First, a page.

These Dividing Walls

These Dividing Walls : Shortlisted for the 2018 Edward Stanford Travel Writing Award

3.9 (1,085 ratings by Goodreads)
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Description

Number 37 has its stories: in this it is like any building. For what building doesn't have secrets? How much does anyone know of what goes on behind their neighbours' doors?

Far back on Paris' Left Bank, in a secret quarter, Edward arrives at an empty attic room for the summer. On the floors below him are the residents of number 37: Cesar, a banker hiding his redundancy from his wife, lives adjacent to Isabelle, a bitter HR manager; Madame Marin, the gossiping hairdresser lives below Anais, a young mother on the edge; and Frederique, a bohemian bookshop owner, takes her daily tea with Josef, the ever watching homeless man over the road.

Edward arrives in their midst having fled from his home in England, from his mother, whose dementia is worsening, his father, consumed with grief and hiding it badly, and from the gaping hole the death of his sister has left. He hopes that Paris will be a distraction, that he will mend and heal. And though he befriends some young, politically-minded French students, he is drawn back to the residents of number 37, as between its walls secrets are revealed and true natures unmasked, and relationships blossom and falter.

As the summer heat becomes stifling, members of the new Far Right hand out pamphlets in bars and rally in squares, until tensions reach boiling point and terror strikes in the heart of Paris, and number 37's deepest secrets are revealed.

These Dividing Walls is a striking debut novel by a compelling new author.
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Product details

  • Paperback | 256 pages
  • 155 x 234 x 19mm | 336g
  • London, United Kingdom
  • English
  • 1473641543
  • 9781473641549
  • 931,856

Review Text

An engaging debut that throws light on a hidden side of Paris. Woman & Home
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Review quote

In a Paris tense with summer heat, anger and hate drive its people to drastic action, in this intensely satisfying and timely novel of a city in crisis. -- Aileen Smyth, Dubray Rathmines It's the voices of various neighbours in their apartment block that make this novel special. * AnOther Magazine * An enchanting and beautifully written debut * Jo's Book Blog * Cooper's writing is exceptional. ... It's a beautifully crafted novel. * Book and Brew * An erudite and engaging read * Bookliterati * The writing is exquisite and discursive. -- Isobel Blackthorn I absolutely loved this book and I can't wait to read more from the author who I'm sure has a glittering career ahead of her. * What Cathy Read Next * Timely and thoughtful, it's perhaps one of the first novels to reflect back the state of our current society. * The Idle Woman blog * This beautifully written debut is about love and loss. -- Nina Pottell * Prima * The writing tantalizingly evokes the sights and sounds of Paris while also giving us an eye-opening perspective of a side of the city that we don't know much about. It is a nuanced portrayal of relationships and the whole spectrum of human emotions. * Book Riot * Cooper's characters are what make this novel so readable. * The Herald * The Paris of this skillful yet tender debut novel is not the Paris of our Eurostar mini breaks. * Red Online * Cooper has written a Ship of Fools for today, bringing forth the poetry and pathos of ordinary lives. * The Lady * A multi-layered novel, elevated by fine writing, in which our traditional view of Paris is debunked to show a less familiar side of the city. Cooper's expertly realised characters, both sympathetic and not, have stories that are interwoven with aplomb. * Daily Mail * This book played into my acute nosiness, throwing open the doors to the fictional lives of the residents of number 37 . . . It'll open your heart and your mind. It certainly did mine. * The Pool * Confident and brilliant -- Lisa O'Donnell An engaging debut that throws light on a hidden side of Paris. * Woman & Home *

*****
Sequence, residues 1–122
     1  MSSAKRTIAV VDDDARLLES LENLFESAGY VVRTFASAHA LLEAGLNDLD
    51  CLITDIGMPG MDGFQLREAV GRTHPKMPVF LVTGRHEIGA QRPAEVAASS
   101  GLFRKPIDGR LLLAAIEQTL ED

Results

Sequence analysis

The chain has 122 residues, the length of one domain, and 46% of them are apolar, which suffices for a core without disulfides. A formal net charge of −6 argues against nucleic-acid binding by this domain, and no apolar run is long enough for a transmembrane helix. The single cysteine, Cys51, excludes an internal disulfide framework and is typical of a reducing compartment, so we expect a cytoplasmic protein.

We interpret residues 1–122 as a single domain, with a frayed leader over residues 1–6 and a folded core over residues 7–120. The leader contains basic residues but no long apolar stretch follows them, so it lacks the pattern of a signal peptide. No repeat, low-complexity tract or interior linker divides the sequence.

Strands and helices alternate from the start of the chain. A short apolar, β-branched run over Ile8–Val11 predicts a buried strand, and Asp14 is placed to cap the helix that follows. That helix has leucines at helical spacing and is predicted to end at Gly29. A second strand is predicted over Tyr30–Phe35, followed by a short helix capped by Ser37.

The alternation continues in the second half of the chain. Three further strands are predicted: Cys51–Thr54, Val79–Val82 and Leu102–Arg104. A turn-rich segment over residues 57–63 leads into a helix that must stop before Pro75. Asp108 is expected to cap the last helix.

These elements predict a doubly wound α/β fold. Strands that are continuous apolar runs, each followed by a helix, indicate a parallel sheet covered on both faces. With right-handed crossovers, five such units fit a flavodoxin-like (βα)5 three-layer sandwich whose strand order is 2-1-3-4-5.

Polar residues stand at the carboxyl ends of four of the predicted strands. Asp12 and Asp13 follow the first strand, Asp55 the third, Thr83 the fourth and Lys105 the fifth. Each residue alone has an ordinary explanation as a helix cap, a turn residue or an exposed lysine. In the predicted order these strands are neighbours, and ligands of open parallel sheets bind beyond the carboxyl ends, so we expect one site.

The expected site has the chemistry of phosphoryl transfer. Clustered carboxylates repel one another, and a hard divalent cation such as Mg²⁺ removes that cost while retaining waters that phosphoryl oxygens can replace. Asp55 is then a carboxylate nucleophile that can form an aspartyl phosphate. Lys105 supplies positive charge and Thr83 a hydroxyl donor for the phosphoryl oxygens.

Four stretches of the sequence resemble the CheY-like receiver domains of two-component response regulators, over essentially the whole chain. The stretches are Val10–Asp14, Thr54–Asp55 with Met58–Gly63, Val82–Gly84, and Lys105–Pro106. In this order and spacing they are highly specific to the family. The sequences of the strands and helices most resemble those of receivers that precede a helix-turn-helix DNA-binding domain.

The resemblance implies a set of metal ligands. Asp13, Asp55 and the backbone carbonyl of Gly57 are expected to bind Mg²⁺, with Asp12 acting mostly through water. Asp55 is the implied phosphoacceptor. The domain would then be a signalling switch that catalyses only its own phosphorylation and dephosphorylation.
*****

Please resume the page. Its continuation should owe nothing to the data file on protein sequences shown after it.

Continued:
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About Fran Cooper

Fran Cooper grew up in London before reading English at Cambridge and Art History at the Courtauld Institute of Art. She spent three years in Paris writing a PhD about travelling eighteenth-century artists, and currently works in the curatorial department of a London museum. These Dividing Walls is her first novel.
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Rating details

1,085 ratings
3.9 out of 5 stars
5 27% (294)
4 44% (474)
3 23% (246)
2 6% (62)
1 1% (9)
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